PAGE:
Monday, March 16, 2009
As promised I wanted to share some of what I found last week at Canady's Mill on March 12. I created a map to outline what the site looks like today (Jedediah Hotchkiss, I am clearly not!) and also put up a few pictures of the earthworks that remain. In mid-February I went out to the site to do some field research only to find that the area around the earthworks was heavily overgrown. The overgrowth concealed a great portion of the earthworks, but I was able to still see the remains of part of the main fortifications, as well as a line of rifle pits. Luckily, there was a controlled burn on the site last week and almost all of the overgrowth was burned away.
On the morning of February 2, 1864, Company E of the 9th Vermont was on picket duty at Canady's Mill. Company E was under the command of newly promoted Captain Elisha M. Quimby. Quimby replaced Amasa Bartlett, who was promoted to the rank of major after the death of Charles Jarvis. Artillery was also present in support of Company E.
Canady's Mill, along with Company E, would not see any fighting during the Battle of Newport Barracks. Around 11am on February 2, Company E was ordered to return to Newport Barracks after the attack on the Gales Creek Blockhouse. It is unclear the route they took back to Newport, but they appear to have returned after Lieutenant Colonel Barney and the rest of the 9th had moved out to meet Brigadier General Martin and his Confederate forces. Company E would not join the rest of the 9th until after the retreat across the bridges over the Newport River.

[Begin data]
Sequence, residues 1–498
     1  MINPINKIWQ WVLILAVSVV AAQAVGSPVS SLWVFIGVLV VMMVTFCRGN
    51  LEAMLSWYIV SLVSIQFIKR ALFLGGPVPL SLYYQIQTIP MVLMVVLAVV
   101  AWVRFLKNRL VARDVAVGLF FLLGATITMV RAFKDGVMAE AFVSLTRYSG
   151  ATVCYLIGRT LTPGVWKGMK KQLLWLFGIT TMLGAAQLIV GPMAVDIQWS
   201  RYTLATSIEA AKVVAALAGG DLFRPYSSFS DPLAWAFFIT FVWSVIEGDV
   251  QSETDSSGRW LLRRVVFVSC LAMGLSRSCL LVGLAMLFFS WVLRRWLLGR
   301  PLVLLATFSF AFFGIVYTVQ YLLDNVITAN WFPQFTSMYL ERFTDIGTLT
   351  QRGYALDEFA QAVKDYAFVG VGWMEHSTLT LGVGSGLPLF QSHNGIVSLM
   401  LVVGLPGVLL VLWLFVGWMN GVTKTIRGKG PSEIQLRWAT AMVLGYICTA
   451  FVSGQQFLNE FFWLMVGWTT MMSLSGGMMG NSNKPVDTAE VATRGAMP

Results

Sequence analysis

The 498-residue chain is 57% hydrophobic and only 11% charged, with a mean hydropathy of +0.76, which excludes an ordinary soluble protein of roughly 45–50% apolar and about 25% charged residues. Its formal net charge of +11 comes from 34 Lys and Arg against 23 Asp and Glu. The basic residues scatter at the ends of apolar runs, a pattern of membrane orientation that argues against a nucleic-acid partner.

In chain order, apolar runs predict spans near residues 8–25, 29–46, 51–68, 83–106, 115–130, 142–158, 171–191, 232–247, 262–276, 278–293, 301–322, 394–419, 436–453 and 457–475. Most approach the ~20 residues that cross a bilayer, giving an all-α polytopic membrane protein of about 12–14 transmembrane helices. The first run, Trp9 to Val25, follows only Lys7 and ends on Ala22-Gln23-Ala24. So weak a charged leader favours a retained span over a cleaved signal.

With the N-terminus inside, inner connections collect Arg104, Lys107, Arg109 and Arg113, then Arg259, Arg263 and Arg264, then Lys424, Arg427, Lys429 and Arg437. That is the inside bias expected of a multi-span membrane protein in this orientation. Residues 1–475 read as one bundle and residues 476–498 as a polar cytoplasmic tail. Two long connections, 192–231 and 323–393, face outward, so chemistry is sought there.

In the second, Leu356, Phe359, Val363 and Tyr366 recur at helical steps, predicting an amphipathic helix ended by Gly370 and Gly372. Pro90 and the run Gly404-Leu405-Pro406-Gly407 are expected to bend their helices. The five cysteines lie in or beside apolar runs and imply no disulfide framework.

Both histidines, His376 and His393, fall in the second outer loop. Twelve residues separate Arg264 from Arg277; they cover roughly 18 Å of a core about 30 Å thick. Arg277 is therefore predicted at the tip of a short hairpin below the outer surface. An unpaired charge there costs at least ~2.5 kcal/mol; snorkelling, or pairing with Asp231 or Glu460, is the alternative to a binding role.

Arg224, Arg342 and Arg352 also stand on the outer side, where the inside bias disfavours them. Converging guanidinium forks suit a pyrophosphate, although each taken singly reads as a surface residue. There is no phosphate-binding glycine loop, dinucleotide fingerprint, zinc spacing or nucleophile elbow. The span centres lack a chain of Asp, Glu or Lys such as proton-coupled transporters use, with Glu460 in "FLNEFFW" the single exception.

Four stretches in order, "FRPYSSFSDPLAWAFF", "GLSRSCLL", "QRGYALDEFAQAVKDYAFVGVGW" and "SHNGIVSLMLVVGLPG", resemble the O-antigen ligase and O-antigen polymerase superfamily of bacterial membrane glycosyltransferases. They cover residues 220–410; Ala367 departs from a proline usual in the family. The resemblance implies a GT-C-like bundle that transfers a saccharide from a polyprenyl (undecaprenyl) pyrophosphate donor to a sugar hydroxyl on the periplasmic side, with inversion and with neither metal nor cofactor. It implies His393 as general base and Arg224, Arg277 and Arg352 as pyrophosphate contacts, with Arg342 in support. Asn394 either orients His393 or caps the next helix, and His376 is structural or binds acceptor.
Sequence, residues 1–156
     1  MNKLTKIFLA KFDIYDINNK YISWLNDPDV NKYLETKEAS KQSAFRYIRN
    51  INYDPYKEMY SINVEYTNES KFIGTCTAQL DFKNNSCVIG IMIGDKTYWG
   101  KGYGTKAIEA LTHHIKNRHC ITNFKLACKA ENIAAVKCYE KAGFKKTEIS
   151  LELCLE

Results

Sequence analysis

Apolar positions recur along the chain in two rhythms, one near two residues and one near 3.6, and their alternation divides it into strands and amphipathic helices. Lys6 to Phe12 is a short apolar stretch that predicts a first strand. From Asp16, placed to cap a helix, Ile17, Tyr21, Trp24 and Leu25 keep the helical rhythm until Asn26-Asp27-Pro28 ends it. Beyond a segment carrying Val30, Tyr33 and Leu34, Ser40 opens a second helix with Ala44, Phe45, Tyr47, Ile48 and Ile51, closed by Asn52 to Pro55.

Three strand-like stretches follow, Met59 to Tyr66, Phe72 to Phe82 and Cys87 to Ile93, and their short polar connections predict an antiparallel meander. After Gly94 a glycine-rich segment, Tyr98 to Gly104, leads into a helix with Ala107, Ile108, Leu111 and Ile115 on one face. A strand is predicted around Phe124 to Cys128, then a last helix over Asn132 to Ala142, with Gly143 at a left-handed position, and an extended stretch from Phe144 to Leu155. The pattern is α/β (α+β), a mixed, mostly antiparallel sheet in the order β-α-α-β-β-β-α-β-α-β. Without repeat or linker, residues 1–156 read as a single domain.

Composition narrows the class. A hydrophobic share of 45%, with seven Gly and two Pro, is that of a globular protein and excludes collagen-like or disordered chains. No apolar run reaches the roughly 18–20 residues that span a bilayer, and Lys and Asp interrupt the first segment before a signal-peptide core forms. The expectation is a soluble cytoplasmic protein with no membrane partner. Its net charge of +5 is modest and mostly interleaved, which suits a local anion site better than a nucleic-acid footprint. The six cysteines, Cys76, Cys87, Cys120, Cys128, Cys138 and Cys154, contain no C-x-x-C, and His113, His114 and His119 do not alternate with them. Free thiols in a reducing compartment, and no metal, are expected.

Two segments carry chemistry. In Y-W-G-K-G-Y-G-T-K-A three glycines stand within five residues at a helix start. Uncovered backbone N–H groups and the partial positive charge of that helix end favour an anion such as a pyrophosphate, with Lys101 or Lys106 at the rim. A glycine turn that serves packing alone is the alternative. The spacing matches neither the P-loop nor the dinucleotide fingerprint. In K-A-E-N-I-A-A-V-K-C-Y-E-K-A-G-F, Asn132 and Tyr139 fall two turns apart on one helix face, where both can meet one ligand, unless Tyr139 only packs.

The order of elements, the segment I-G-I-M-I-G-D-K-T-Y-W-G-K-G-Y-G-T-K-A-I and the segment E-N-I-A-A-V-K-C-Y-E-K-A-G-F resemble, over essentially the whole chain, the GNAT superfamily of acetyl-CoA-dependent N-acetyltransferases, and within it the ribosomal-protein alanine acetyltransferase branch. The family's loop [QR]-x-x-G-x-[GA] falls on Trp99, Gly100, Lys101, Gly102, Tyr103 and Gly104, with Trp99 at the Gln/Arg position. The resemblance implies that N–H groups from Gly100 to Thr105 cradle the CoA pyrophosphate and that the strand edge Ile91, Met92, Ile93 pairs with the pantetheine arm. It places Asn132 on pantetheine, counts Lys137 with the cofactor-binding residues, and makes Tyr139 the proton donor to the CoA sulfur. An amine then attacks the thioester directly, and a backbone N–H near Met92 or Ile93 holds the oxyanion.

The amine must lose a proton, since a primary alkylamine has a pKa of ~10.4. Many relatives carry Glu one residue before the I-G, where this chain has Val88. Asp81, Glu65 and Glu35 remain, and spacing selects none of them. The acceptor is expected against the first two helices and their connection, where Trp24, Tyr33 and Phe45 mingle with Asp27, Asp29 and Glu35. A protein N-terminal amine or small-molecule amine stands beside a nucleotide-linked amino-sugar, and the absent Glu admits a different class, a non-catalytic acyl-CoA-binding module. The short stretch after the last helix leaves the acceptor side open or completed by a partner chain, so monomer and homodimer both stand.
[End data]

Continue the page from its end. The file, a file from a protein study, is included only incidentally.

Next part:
The picture below gives an idea of what the site looked like when I visited it in mid-February. It is quite clear the extent of the overgrowth over the earthworks.
From period maps one of the flanks of the fort rested on the Canady Mill Road (Now Roberts Road). You can still see the rough outline of the fort starting from the road, although I am not sure how much of the fort was destroyed during the subsequent widening and paving of the road over the years. The yellow outline in the picture shows the top of the earthworks.
The following is the map I created to give an idea of what the site looks like today.
David Burnette, who accompanied me to the site last week, located what appears to be a small path with rounding on each side, which seems to indicate some level of fortification. This path connected the advance entrenchments and rifle pits to the main fort. It is interesting to note that the path extends a good ways past the earth works and cuts though the fort as diagrammed on the map. The main earthworks at the fort were much more extensive and intricate than previously thought. The main fort is one continuous earthwork that parallels Nine Mile Road before angling back about forty yards and then parallels again with Nine Mile Road. There are still the rough outline of where artillery was placed at the fort, and the advance entrenchments seem to show a fairly strong position. If facing the fort from Nine Mile Road the Newport River is on the left of the position (there is also about a twenty foot drop from the area where the fort is to the river). The pictures that follow show the site on from my visit last week. There is unfortunately little contrast in the pictures, but one can still make out the remains of the fortifications.
The first picture is of the path that David Burnette found on the site. This picture was taken looking towards Nine Mile Road and the path is in the middle of the picture.
The next three pictures are just of the main earthworks at the fort. In the first picture you can see Roberts Road in the background and the earthworks are to the right. The second picture shows more of the works. The lightly colored tree that has fallen is a good marker in this picture, as well as the third.
It was a very productive trip out to the site and the burning that took place really shows the features of the site quite well. Thanks again to David Burnette for emailing me about the burn and accompanying me to the site last Thursday.